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Celestial Alignments: The Month of Magical Skies

The moon, Venus and Jupiter in a 2009 conjunction above the European Southern Observatory's <a href="http://www.eso.org/public/teles-instr/vlt.html">Very Large Telescope (VLT)</a> at Paranal in Chile.
Y. Beletsky
The moon, Venus and Jupiter in a 2009 conjunction above the European Southern Observatory's Very Large Telescope (VLT) at Paranal in Chile.

The idea that the world will end is as old as the idea of the world. In most cultures, the end of time will come and, when it does, it will come with the complete disruption of the celestial order. In a sense, the end of the world mirrors our own mortality. What differs from culture to culture is what happens after the end: either a new beginning or a new age of timelessness.

Apart from the celestial biblical eschatology of Revelation or the Book of Daniel, some readers may remember Vitalstatistix, the chieftain of the village where Asterix, the Gaul, lived, whose only fear was that the sky would fall on his head. To the Celts and their Druids, contrary to monotheistic cultures with a linear time, the end of a cycle marked the beginning of another. The notion of cyclic time, present also in Hindu mythology through Shiva's choreography, usually represents a sequence of worlds. There isn't really an end, but a sequence of existences.

That the approaching end is written in the skies seems to be universal: expect the worse when the regular order of the heavens is disrupted. No wonder comets were mostly seen as bad omens. If the skies are the realm of the gods, they are also their message board. Unusual sights — comets, meteor showers, a total eclipse of the sun, strange planetary alignments — were to be feared. "Repent or else!"

Case in point, the skies are absolutely stunning this month. The two most visible planets, Venus and Jupiter, are in conjunction (near each other) in the western sky after sunset. The moon will come by them again late march, amplifying the beauty. Meanwhile, in the eastern sky, Mars is in opposition (near opposition by now) with the sun, making it very bright and orange. Even elusive Mercury can be seen early on in the evening (about 45 minutes after sunset), and Saturn will show up later in the month. So, the five planets known to humanity all the way to 1781 are showing their faces this month. Had this been a couple of centuries ago, it would surely mean something awful was about to happen.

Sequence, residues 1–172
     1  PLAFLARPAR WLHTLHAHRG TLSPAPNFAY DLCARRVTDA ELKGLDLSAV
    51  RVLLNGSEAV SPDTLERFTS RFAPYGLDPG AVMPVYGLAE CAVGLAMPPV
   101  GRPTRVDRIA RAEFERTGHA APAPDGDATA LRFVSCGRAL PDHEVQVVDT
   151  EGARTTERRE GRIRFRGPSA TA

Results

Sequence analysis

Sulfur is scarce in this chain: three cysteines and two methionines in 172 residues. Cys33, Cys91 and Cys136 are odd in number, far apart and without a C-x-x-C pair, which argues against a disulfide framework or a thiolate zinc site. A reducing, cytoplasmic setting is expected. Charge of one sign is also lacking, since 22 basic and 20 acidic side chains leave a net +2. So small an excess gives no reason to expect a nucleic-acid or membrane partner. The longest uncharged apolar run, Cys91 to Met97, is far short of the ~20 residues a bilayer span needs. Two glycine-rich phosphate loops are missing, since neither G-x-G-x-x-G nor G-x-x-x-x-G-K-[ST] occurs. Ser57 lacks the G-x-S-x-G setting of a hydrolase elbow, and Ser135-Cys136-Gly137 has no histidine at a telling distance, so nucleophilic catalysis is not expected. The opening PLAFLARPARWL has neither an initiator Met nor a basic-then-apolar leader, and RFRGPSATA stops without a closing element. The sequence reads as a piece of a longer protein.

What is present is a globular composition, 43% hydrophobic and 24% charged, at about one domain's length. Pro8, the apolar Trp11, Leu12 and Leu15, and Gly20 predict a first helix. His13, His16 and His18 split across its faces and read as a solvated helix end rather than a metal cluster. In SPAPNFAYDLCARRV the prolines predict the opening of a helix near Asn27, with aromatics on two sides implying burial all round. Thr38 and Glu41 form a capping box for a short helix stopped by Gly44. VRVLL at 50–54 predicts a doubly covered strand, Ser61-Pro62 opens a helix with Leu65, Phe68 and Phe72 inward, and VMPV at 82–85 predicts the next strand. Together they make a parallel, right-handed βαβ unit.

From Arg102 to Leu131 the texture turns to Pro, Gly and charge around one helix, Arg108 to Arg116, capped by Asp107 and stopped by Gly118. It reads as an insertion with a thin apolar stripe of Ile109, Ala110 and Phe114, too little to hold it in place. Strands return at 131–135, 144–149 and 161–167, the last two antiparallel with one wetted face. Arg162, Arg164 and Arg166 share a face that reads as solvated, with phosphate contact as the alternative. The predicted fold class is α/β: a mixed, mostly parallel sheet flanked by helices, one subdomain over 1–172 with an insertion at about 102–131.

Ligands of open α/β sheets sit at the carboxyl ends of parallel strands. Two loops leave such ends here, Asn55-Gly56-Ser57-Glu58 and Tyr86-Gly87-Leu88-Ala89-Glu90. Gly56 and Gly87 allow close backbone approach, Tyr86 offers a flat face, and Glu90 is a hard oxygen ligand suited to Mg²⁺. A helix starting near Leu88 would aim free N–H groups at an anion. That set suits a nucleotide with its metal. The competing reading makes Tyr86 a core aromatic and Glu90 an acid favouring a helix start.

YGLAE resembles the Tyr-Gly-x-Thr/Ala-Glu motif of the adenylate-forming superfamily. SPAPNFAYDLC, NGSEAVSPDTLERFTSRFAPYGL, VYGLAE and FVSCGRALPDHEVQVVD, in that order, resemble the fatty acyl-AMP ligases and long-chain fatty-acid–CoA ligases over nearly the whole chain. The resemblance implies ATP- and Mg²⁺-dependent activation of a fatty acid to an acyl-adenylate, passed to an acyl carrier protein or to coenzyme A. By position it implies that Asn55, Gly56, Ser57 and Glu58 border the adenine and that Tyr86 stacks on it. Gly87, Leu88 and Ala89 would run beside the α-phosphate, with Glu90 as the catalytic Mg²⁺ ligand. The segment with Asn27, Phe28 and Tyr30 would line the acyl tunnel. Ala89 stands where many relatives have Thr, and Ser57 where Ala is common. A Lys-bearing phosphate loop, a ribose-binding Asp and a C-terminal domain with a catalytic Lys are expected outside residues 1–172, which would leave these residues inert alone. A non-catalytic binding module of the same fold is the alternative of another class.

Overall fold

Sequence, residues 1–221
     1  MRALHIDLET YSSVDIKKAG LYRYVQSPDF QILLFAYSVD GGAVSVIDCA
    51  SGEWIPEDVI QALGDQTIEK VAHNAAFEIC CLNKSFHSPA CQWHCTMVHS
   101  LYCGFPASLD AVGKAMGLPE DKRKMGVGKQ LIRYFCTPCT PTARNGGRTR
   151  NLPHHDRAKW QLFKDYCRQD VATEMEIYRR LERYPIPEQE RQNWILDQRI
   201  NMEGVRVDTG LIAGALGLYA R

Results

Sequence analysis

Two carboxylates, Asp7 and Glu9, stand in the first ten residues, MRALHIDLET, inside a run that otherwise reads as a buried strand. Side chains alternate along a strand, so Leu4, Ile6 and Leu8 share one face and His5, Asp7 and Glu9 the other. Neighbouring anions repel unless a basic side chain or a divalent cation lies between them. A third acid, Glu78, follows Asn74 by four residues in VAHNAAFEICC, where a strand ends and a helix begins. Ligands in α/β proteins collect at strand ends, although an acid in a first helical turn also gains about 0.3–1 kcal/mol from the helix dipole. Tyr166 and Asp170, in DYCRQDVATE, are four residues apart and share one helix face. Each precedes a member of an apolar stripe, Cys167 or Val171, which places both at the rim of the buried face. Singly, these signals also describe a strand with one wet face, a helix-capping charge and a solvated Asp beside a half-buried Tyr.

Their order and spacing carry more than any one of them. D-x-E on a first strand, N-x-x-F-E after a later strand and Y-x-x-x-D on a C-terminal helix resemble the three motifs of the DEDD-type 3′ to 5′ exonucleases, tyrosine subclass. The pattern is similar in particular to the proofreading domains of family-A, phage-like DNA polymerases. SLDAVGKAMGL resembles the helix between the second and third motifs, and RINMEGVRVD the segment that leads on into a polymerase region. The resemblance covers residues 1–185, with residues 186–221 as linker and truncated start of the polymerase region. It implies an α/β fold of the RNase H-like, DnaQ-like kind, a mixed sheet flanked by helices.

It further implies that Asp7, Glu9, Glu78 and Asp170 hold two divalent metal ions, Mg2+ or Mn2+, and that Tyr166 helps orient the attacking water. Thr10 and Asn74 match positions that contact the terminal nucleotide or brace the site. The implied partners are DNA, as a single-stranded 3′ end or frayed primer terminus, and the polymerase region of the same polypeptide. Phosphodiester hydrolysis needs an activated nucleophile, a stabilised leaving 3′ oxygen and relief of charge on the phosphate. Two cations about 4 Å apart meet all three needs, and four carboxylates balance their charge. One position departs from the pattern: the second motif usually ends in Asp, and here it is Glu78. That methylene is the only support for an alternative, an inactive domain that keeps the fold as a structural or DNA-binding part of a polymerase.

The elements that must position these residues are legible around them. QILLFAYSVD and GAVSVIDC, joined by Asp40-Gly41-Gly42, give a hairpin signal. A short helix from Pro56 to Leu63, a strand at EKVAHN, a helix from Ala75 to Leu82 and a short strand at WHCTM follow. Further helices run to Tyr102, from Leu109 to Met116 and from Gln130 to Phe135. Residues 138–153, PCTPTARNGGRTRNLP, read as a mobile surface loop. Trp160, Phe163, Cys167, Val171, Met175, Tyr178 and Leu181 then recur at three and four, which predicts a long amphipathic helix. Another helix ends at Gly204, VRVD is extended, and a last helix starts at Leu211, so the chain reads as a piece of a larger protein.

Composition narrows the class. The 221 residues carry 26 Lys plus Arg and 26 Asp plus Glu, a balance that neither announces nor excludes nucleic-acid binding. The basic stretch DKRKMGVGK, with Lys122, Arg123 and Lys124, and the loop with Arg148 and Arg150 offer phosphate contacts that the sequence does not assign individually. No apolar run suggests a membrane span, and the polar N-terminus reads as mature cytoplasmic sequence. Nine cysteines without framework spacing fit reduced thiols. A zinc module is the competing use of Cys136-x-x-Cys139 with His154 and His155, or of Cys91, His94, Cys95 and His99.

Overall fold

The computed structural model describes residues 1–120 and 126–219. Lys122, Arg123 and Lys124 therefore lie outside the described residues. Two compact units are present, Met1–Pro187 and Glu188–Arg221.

Fortunately, apart from stunning views, nothing else is to be feared. If anything, the sight of the sky this month should remind us of how small we are. At the same time, it should remind us of how big we are: through science, we made sense of so much about the heavens, decoding planetary motions, the orbits and compositions of comets, the clockwork timing of solar eclipses, the properties of the sun. In fact, don't forget to celebrate Sun-Earth day on March 19th, coincidentally my birthday. (And today, actually, is Einstein's birthday.)

Now, for the first time in history, we are looking at new worlds, far from us, revolving around other stars, each an open book, with its own properties and hidden promises.

Those who think that our scientific understanding of the world takes away its beauty (apologies to Keats), should think again. If anything, science does precisely the opposite. As it helps us see farther, it nurtures ever more vivid dreams of all that we still don't know.

You can keep up with more of what Marcelo is thinking on Facebook and Twitter.

Copyright 2021 NPR. To see more, visit https://www.npr.org.

Marcelo Gleiser is a contributor to the NPR blog 13.7: Cosmos & Culture. He is the Appleton Professor of Natural Philosophy and a professor of physics and astronomy at Dartmouth College.